Attitudes towards pressure ulcers

Join our next EBN Twitter Chat on Wednesday the 15th of November 2017, 8-9pm UK time which will focus attitudes towards pressure ulcers, and will be hosted by Jimmy Choo Lecturer at School of Healthcare, University of Leeds (@jimmychoo72).

Participating in the Twitter chat requires a Twitter account; if you do not already have one you can create an account at www.twitter.com. Once you have an account contributing is straightforward, you can follow the discussion by searching links to #ebnjc (the EBN chat hash tag) and contribute by sending a tweet (tweets are text messages currently limited to 140 characters), you need to add #ebnjc to your tweet as this allows everyone taking part to view your tweets.

Category 1 pressure ulcer                      Category 2 pressure ulcer

 

I recently delivered a pressure ulcer (also known as bed sores) session to first year undergraduate mental health nursing students. One of the most common questions students and researchers/academics (nurse researchers even) ask is: `Why the focus on pressure ulcers’? I even had a comment a couple of years ago by a collaborator abroad – `…..well, you see Jimmy, this area of research (i.e. pressure ulcer) is not as critical a topic as diabetes for example because pressure ulcer doesn’t kill, does it?’ Although I can’t remember my exact response but I definitely had to reign myself in before blurting a plethora of reasons of why we should `bother’. And as with all good nurses out there, it’s a moot point to reflect on and unpick the salient issues raised and more importantly, asking the difficult question such as our (nurses and healthcare professionals alike) attitudes towards pressure ulcers.

Over the years, I have tried to get involved in public engagement events to raise awareness about pressure ulcer and some of the young people I have spoken to had some experiences albeit not direct personal physical of someone with a pressure ulcer. It made me realise that as nurses, whilst it has been a privilege to be involved in direct, deeply personal care of patients, it is equally important to engage in health awareness and public engagement event as part of our duty of care.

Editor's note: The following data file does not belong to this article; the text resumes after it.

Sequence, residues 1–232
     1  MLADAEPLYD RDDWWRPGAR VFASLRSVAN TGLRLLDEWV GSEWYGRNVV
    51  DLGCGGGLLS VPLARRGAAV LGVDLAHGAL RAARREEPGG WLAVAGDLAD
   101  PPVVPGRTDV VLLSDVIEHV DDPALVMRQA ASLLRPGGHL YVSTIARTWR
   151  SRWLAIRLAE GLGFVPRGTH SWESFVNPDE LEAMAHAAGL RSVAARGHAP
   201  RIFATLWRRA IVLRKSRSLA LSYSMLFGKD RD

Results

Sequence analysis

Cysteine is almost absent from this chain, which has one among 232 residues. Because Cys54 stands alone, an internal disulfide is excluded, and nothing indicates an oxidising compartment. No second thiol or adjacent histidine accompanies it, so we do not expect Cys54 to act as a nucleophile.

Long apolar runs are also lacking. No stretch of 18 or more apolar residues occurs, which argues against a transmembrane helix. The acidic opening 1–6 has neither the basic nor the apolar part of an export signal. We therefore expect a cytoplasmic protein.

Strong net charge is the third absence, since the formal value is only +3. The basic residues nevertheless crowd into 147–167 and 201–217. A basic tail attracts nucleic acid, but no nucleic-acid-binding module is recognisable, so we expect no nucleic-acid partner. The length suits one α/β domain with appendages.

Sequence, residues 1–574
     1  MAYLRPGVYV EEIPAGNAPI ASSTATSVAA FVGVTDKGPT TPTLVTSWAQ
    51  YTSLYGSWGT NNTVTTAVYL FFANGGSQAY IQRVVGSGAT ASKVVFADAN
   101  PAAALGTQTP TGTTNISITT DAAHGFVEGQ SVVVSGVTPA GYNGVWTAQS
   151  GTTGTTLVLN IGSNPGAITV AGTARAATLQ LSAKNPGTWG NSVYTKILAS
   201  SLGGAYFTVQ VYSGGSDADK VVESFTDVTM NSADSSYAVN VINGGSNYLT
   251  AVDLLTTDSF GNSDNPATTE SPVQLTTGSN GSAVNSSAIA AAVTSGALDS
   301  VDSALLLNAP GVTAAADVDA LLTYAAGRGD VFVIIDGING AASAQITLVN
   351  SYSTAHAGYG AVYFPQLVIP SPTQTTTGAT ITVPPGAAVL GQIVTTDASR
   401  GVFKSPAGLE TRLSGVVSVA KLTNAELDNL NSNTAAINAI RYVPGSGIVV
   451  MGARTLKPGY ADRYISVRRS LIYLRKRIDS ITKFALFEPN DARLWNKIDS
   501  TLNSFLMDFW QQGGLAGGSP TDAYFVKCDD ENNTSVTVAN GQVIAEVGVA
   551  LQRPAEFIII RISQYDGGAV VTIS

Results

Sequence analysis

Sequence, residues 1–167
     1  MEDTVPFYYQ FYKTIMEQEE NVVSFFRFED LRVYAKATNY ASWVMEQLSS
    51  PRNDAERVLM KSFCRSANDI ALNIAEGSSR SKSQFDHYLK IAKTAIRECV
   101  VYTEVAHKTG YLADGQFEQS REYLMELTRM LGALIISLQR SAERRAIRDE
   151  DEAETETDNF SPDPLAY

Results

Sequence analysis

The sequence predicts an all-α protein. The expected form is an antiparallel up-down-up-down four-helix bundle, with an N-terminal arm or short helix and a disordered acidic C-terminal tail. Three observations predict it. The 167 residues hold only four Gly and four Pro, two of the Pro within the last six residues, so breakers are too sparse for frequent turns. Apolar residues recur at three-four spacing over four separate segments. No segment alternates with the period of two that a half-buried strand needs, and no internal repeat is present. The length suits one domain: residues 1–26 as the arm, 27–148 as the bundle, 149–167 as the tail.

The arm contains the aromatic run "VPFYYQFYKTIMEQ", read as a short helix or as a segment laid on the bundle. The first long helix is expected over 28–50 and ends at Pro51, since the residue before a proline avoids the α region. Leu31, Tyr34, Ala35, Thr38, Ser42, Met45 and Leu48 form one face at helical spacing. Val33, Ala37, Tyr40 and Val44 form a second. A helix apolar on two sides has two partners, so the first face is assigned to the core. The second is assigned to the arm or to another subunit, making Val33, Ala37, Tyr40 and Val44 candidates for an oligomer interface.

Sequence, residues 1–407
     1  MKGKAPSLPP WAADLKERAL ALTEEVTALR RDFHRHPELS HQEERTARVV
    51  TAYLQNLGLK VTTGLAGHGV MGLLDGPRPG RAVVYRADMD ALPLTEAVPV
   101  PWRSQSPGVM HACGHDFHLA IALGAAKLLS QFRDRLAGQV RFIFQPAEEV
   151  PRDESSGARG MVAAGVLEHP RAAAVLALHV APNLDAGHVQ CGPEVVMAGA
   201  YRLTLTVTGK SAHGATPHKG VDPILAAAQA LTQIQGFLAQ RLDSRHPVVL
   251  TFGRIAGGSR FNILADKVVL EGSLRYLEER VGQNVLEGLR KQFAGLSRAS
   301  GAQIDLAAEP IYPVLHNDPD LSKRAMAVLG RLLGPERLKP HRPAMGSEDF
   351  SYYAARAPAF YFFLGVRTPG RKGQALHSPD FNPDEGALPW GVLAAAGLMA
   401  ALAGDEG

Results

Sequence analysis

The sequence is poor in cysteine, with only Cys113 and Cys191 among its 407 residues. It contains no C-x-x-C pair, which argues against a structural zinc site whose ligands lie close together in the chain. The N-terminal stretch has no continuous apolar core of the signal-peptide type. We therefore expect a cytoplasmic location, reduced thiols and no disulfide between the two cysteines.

It is timely with World Stop Pressure Ulcer day 16 November 2017 to debate some of the issues and ultimately help raise the awareness of pressure ulcers:

  • What is a pressure ulcer?
    • Is there a gold standard definition?
    • Is blister a pressure ulcer? Is skin tear a pressure ulcer??
  • Why do we bother focus on pressure ulcer management and research ?
    • Can you die from pressure ulcers?
  • Who are at risk of developing a pressure ulcer?
    • Am I at risk?
    • Is it always preventable?
  • Who is responsible in preventing pressure ulcers?
    • Nurses?
    • Doctors?
    • Patients??

Resources

  1. http://www.epuap.org/pu-guidelines/

Pressure Ulcer definition and guidelines (including translation to other languages)

  1. http://www.epuap.org/projects/#stoppressureulcers

World Stop Pressure Ulcer day 16/11/17

-how you can get involve

-logo

-support materials

  1. https://tvs.org.uk/pressure-ulcers-wounds-reporting/

Pressure ulcer reporting/monitoring

  1. https://tvs.org.uk/seating-guidelines/

Pressure ulcer guidelines on seating

  1. https://tvs.org.uk/clinical-guidelines/

Pressure ulcer consensus document on reporting

If you are in Leeds, please come and visit our stall at the event later this week on the 17/11/17 in Parkinson Building, University of Leeds as part of the `Nurses on the Frontline of Wound care’ conference

Conference Details

https://www.eventbrite.co.uk/e/nurses-on-the-frontline-of-wound-care-conference-tickets-39079464731

For tickets:

https://www.eventbrite.co.uk/e/nurses-on-the-frontline-of-wound-care-public-panel-discussion-exhibition-tickets-39079258113

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